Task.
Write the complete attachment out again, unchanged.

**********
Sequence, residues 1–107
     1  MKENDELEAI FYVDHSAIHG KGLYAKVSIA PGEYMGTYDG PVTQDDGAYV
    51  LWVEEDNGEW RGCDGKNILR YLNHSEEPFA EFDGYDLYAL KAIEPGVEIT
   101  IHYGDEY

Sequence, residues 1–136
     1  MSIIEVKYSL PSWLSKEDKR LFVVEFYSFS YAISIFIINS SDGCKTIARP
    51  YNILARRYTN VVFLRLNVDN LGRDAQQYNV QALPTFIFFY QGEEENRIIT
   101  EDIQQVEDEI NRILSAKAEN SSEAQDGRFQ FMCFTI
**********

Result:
Sequence, residues 1–107
     1  MKENDELEAI FYVDHSAIHG KGLYAKVSIA PGEYMGTYDG PVTQDDGAYV
    51  LWVEEDNGEW RGCDGKNILR YLNHSEEPFA EFDGYDLYAL KAIEPGVEIT
   101  IHYGDEY

Sequence, residues 1–136
     1  MSIIEVKYSL PSWLSKEDKR LFVVEFYSFS YAISIFIINS SDGCKTIARP
    51  YNILARRYTN VVFLRLNVDN LGRDAQQYNV QALPTFIFFY QGEEENRIIT
   101  EDIQQVEDEI NRILSAKAEN SSEAQDGRFQ FMCFTI